This section offers a concise overview of the issues that the principal aims to tackle and safeguard against, including illustrative instances.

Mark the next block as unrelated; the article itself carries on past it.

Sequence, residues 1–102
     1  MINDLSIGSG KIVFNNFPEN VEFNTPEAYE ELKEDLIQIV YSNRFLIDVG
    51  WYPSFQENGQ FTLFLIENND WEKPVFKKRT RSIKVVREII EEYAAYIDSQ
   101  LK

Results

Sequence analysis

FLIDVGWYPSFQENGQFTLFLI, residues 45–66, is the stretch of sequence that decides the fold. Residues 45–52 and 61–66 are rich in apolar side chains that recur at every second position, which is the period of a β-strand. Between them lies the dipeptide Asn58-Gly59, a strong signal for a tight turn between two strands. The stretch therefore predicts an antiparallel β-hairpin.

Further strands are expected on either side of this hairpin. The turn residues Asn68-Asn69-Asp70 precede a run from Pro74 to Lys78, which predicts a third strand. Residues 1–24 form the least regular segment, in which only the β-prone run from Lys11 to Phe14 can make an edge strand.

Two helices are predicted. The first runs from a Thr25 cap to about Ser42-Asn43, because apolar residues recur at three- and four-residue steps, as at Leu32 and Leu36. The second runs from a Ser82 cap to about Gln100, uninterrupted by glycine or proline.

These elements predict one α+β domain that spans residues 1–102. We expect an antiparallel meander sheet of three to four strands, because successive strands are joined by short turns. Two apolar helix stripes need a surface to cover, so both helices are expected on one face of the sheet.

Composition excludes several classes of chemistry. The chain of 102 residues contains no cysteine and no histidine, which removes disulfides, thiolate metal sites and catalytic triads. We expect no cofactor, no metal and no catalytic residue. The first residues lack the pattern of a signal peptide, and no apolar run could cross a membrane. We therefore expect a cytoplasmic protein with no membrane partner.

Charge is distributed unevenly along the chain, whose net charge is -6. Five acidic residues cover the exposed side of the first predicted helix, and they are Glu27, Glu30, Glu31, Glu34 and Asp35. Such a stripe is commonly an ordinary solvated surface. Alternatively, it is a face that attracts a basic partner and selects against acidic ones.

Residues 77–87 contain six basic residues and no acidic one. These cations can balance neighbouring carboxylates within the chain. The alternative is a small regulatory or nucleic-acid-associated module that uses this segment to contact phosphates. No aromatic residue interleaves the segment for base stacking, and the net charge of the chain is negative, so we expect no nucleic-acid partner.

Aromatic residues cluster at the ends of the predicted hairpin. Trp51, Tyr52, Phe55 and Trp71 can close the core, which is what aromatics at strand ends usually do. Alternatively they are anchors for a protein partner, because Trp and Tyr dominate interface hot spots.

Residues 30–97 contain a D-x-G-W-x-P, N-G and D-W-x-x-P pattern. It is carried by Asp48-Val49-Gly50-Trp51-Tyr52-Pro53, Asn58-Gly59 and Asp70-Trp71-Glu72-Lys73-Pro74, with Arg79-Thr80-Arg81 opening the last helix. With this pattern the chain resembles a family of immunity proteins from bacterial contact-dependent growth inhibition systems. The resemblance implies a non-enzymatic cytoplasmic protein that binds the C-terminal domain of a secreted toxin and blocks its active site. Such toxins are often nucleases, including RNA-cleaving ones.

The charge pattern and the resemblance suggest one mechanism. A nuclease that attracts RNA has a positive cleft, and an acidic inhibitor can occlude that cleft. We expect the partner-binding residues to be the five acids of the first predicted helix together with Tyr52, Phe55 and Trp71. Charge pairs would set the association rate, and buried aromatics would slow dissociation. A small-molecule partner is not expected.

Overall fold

Consent or legal authority are essential in ensuring that the public’s personal data is not collected or monitored without their knowledge or permission. However, the United States lacks a comprehensive regulatory framework to govern the use and collection of personal data, which can lead to uncertainty in how these laws apply in different contexts such as credit, education, employment, and health. While some states have enacted consumer data privacy laws to address some of these issues and protect civil liberties, there is still a patchwork of laws and no standard practices. Many states also provide limits on data retention to help protect consumer privacy and civil liberties. Government surveillance and data collection are governed by legal protections to minimize data collection and protect consumer privacy. Some companies are integrating privacy mechanisms into their products by default and design to further protect consumer privacy. However, there are growing risks and harms associated with data harvesting and aggregation, such as profiling communities in harmful ways and reducing the ability to use analytical reasoning to make informed decisions. The use of surveillance technologies in workplaces and schools has also increased, leading to potential consequences for individuals’ mental health and self-confidence. Additionally, faulty and inaccurate data collected by data brokers can lead to unfair decisions about individuals’ lives, such as job opportunities or loan qualifications. It is important to address these issues and ensure that the public is protected from the harmful impact of data harvesting and surveillance. This requires a cross-cutting and foundational principle of privacy in all aspects of data collection, sharing, and reuse within the existing surveillance framework.